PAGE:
STUDENT ARTICLE: Time to offer more Home Economics learning opportunities
It’s an interesting situation when students have memorized that a mitochondrion is the powerhouse of a cell and y=mx+b, yet most of those same students are unable to plan a budget or cook more than a basic meal.
Huntsville High School (HHS) English department head Jennifer Rosewarne says, “I absolutely feel like we are not preparing kids to go out in the world, and less so as the years go on.”
In the late ’90s to the early 2000s, when the Ontario education system canceled Home Economics (commonly known as Home Ec), the once-popular, all-inclusive class has since been divided into separate courses of their own.
Regarding adjustments to the Home Ec course to prepare students for our ever-changing society, Huntsville High-school guidance counselor Allison Myers says, “I would be supportive and would hope there would be an interest.”
Several local students say they are interested in Home Ec. However, time-tables are crammed with courses deemed “necessary” – and Home Ec options being four distinct courses – it is difficult for a student to take the course even if it can provide a basic understanding of life skills.
Another HHS guidance counselor, Nico Byl, says students occasionally return to school for an extra year to take courses they are interested in but didn’t have time to do before.
“There are different reasons that students will come back for a Victory lap,” says Byl.
Emma MacKinnon, a graduating student from HHS, believes victory laps can be helpful for those wanting more time to take courses they are interested in.
“I think taking a victory lap all comes down to personal preference and if you feel ready or are prepared for life after high school,” says MacKinnon. “At the end of the four years, I didn’t feel that there were any classes that I wanted to take that I wasn’t able to and I was excited to move on to university.”
HHS offers classes such as cooking, basic financing in grade eleven and twelve essential maths, a sewing course that runs every two years (with enough students registered), as well as auto mechanics class.
When students were asked what they would have in a modern Home Ec course, some of the responses were basic home maintenance skills, financial planning, first aid, and basic cooking.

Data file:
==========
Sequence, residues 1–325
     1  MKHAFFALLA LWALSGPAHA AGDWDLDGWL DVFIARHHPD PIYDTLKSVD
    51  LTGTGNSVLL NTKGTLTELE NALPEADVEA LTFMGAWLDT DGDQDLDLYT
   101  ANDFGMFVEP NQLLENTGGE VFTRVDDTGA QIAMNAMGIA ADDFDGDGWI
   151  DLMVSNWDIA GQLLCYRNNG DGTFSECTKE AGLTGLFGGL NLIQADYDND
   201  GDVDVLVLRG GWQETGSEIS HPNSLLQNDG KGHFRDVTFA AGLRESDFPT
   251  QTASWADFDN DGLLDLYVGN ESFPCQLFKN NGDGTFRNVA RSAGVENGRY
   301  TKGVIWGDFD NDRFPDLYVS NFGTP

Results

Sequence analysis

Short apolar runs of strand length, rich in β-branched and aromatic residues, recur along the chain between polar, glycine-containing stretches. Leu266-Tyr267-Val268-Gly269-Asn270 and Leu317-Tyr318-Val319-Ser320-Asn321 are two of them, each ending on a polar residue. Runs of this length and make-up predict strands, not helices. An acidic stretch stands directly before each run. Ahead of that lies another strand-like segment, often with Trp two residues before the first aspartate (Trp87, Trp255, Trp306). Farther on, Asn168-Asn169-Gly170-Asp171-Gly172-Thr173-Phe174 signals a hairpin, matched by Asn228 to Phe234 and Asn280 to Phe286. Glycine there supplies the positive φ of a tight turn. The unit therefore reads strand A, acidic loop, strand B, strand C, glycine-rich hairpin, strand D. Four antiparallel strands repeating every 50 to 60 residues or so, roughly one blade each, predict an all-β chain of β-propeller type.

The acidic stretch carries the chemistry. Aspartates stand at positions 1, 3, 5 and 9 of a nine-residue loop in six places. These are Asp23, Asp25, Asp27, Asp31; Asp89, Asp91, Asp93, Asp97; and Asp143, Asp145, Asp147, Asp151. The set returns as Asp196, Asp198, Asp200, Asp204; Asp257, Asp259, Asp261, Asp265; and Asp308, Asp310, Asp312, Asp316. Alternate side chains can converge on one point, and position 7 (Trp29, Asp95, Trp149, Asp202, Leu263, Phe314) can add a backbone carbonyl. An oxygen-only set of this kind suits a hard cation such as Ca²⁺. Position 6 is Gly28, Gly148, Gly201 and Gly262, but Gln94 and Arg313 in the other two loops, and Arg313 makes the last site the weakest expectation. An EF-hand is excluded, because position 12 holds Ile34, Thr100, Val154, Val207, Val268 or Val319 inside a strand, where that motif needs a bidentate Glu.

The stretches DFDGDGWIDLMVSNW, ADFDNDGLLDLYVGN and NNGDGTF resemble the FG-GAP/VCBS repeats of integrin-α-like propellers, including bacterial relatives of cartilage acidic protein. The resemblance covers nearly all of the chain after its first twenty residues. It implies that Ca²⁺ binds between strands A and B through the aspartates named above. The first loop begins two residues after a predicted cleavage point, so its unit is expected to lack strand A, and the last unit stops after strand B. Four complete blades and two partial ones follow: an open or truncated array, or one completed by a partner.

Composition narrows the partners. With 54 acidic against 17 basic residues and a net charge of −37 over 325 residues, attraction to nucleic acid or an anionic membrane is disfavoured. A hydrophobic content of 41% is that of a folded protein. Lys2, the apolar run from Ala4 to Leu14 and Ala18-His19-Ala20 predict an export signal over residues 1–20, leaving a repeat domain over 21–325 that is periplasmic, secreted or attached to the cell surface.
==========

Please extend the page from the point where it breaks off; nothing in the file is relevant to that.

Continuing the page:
While HHS offers these subjects in more detail, students typically prefer to learn the basics, and then choose to enroll in a subject-specific course with a base knowledge.
With the ability to learn the basics in one course, making it easier to pick courses needed to graduate, requirements for post-secondary careers/education, or the fun courses, allowing students to feel more prepared for life after High School.
“I think it would be wise to make Home Ec a mandatory class because not everyone has the same opportunities at home for learning all of the skills it could provide, such as how to change a tire,” says MacKinnon.
The Home Economics class was founded by Adelaide Hoodless, and designed for women back in the early 1900s. In 1902 Adelaide’s book Public School Domestic Science became the first textbook used in Home Economics. The course was renamed Family Studies 1973 to move away from the sexist ideals and help bring in a more diverse class.
While the course still taught the basics of sewing and cooking it also incorporated topics like self-image, building relationships, and dealing with emotions.
With new books introduced to the course such as This Is the Life! (1977) students learned how to build their personal values, and covered topics ranging from dating and sexual identity as well as dealing with conflicting values with their parents.
The course changed during the seventies, Mrs. Pauline Webb, a teacher in the Canadian and World Studies department at the HHS believes a shift to providing up-to-date life skills would be beneficial.
“As society shifts our education system has to shift and I think because families are so busy and it's a real challenge to get everything done in a day then having a practical course on life skills would help to fill the gap for some students,” says Webb.
Graduating student Olivia Luttrell agreed there is a need to integrate basic life-skills in the education system.
With most households having both parents working, Luttrell believes that not all children are getting the required lessons at home.
“In kindergarten, we should start teaching kids lessons like consent in small amounts and basic skills like how to pour water, get cereal for breakfast, hygiene lessons like brushing teeth and hair, and then continue to build on these skills throughout their schooling,” she says.
“Having the opportunity to learn at school would fill in that gap. No child should grow up missing basic skills because the people running their schools and the education system were too privileged to bother considering they may need help.”
With life after high school uncertain, the average family dynamic from one household to the next is drastically different. It could be time to bring back the full home economics course to fill in the gaps to better prepare the future generation.
By Danielle McPherson, for HuntersBayRadio.com
Danielle is an aspiring professional photographer – and media member – with a passion to be behind the lens. Already with a strong portfolio, Danielle is doing her Huntsville High School media co-op with Chris Occhiuzzi of Dockside Publishing, Muskoka Unlimited and Hunters Bay Radio.